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After their surprising election success in the German capital Berlin, the pirate party continues to surge in the polls. In all recent federal polls the German pirates have been above the 5 percent election threshold and there is no end in sight.

When a TV crew from Russia Today had visited Berlin to film a short report on the pirate phenomenon, they also approached me as a “talking (research) head” on the issue. Unsurprisingly, only one sentence of the half an hour long interview made it into the segment featured below.

The reason the Russian TV crew had found me was this post-election blog post.


This blog is supposed to deal with issues related to governance across borders. So why devote so much space to the results of a regional election in Germany? The answer is twofold.

Logo of the Pirate Parties International meta-organization

First, as mentioned already in yesterdays FAQ (see “Boarding Berlin“), the Pirate Party’s election win in Berlin would not have been possible without its relations to a much broader and transnational movement. For one, these are fellow pirate parties in over 40 different countries, most of which are members of the meta-organization (Ahrne and Brunsson 2008) Pirate Parties International. For another, the pirate party movement is itself only one of several related and partly overlapping social movements inspired by the new technological possibilities of Internet and digital technologies.

Most these movements address regulation that is considered incompatible or even harmful to new technology-related freedoms, often related to surveillance and intellectual property regulation. And all of these movements are transnational in both perspective and activism. Wikipedia, for example, lists five “movements” in the field of “Intellectual property reform activism”, namely the Access to Knowledge MovementAnti-CopyrightCultural Environmentalism, the Free Culture Movement, and the Free Software Movement. Prominent transnational organizations within these movements include, as pioneers, the Free Software Foundation and the Electronic Frontier Foundation as well as more recent examples such as Creative Commons or the Wikimedia Foundation. In a way, the pirate party movement can be considered the political arm of these movements – even though not all of the movement members feel comfortable being associated with “Pirates” (see, for example, “Lessig on Abolitionism, Copyright Zealots & the Cultural Flatrate“). The similarity to the origins of the Green Party, which also emerged out of several interrelated envirnomentalist movements are in any case striking, not to forget that Jamie Boyle called for an “environmentalism for the net” already in 1997. Read the rest of this entry »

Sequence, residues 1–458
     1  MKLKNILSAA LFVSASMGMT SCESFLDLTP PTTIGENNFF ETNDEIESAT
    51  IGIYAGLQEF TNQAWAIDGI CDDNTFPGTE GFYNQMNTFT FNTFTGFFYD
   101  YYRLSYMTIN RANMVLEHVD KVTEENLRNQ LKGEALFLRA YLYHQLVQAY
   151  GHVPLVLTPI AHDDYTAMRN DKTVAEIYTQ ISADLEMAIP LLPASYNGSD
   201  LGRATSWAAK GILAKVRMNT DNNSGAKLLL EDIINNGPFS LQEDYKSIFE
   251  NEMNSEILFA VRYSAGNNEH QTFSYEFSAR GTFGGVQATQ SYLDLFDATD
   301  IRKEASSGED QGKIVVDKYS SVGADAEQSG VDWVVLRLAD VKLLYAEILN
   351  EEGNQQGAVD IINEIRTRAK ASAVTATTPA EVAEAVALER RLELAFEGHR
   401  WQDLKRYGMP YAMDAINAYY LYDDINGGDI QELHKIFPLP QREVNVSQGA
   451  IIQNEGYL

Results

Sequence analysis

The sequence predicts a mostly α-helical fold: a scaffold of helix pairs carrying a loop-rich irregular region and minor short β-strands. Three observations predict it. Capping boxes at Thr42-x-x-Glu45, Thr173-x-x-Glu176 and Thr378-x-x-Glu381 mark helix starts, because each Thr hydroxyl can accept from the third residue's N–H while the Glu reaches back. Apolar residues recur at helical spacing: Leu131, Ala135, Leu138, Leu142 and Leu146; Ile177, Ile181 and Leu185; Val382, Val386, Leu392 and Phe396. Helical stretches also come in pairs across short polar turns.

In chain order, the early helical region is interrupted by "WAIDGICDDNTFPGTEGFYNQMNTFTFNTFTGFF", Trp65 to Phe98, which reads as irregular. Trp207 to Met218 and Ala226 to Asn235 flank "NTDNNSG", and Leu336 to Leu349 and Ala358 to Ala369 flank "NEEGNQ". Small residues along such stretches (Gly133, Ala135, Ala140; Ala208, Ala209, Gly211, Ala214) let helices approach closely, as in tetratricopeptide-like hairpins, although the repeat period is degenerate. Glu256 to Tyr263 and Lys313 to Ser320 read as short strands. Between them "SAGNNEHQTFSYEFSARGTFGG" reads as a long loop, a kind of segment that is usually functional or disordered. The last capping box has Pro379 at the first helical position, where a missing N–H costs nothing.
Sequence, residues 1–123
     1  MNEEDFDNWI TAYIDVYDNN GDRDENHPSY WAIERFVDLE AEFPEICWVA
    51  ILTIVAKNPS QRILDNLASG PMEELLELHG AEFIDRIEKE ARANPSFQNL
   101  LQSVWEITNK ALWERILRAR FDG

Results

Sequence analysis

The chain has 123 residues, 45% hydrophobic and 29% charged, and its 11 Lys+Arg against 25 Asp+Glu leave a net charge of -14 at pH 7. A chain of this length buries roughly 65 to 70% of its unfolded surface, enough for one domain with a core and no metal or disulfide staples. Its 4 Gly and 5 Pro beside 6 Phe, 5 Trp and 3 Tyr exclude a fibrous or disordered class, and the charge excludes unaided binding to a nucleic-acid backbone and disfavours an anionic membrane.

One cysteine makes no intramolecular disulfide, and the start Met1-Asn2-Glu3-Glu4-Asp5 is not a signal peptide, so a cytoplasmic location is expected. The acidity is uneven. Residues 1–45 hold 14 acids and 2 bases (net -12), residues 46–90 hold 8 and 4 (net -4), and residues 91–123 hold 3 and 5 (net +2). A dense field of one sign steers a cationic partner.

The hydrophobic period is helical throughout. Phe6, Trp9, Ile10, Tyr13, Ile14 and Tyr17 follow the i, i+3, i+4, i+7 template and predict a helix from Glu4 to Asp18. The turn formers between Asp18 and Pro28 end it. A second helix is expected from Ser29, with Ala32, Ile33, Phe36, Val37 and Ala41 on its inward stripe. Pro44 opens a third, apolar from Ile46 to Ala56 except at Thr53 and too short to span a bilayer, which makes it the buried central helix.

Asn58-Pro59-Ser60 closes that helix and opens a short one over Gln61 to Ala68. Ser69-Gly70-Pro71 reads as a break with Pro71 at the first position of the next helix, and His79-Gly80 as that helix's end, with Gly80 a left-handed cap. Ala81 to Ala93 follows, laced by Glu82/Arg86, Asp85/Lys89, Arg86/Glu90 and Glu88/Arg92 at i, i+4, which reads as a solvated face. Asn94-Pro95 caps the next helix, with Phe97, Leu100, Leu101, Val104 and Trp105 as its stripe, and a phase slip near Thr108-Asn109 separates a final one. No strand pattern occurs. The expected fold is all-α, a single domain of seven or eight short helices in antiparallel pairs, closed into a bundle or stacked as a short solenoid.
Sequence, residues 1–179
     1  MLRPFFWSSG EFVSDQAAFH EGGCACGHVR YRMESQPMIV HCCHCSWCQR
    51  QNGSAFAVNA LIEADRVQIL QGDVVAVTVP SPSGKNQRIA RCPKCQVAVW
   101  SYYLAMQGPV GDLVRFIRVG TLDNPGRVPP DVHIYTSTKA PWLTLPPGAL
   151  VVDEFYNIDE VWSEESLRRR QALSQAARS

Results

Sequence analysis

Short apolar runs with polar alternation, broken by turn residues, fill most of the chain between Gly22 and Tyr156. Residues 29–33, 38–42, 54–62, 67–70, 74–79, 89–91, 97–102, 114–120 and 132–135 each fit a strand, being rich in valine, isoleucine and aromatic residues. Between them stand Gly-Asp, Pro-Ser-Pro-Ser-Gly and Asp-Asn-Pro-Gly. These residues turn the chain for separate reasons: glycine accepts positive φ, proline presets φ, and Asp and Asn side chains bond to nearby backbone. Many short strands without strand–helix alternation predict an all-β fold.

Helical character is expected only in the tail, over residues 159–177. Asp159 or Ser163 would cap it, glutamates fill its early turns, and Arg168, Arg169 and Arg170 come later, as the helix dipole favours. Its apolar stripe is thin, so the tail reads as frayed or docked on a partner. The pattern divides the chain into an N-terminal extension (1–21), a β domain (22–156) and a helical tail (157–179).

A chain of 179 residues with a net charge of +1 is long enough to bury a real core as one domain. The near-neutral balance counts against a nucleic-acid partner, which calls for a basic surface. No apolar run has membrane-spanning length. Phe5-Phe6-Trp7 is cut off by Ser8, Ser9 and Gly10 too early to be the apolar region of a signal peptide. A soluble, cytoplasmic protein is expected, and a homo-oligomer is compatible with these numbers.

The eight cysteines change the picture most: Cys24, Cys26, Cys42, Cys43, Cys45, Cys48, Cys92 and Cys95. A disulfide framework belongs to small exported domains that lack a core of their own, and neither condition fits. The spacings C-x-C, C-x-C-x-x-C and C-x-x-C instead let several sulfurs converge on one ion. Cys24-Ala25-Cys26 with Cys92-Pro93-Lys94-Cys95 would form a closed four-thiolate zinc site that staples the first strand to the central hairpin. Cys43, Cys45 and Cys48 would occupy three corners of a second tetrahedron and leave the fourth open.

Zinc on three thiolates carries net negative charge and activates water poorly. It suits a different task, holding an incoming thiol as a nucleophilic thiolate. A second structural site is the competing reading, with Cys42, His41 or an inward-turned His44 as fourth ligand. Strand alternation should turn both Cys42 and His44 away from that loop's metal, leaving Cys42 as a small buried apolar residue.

When the chief of Microsoft Germany, Achim Berg, predicted in an interview in the “Berliner Zeitung” that “the free-of-cost-culture on the Internet draws to a close” last Saturday, this happened not only weeks after Microsoft had started its own, free-of-charge search engine “bing” but also only days before Google’s announcement of “Chrome OS”: A new open source operating system on top of a Linux kernel and delivered, of course, for free. On the Official Google Blog Chrome OS was announced as follows:

“[T]he operating systems that browsers run on were designed in an era where there was no web. So today, we’re announcing a new project […] — the Google Chrome Operating System. It’s our attempt to re-think what operating systems should be. Google Chrome OS is an open source, lightweight operating system that will initially be targeted at netbooks. Later this year we will open-source its code, and netbooks running Google Chrome OS will be available for consumers in the second half of 2010. Because we’re already talking to partners about the project, and we’ll soon be working with the open source community, we wanted to share our vision now so everyone understands what we are trying to achieve.”

Is this re-opening the operating system wars of the 1980s? Is this the beginning of serious open source competition for Microsoft’s proprietary business model? In other words, are we witnessing a paradigmatic battle of open versus proprietary innovation regimes with Google and Microsoft as its most prominent antipodes? I am not so sure. But maybe the Pirate Party’s sole member in the European Parliament, Christian Engström, was right in his interesting op-ed in the Financial Times yesterday:

“The world is at a crossroads. The internet and new information technologies are so powerful that no matter what we do, society will change. But the direction has not been decided.”


The Book

Governance across borders: transnational fields and transversal themes. Leonhard Dobusch, Philip Mader and Sigrid Quack (eds.), 2013, epubli publishers.
June 2023

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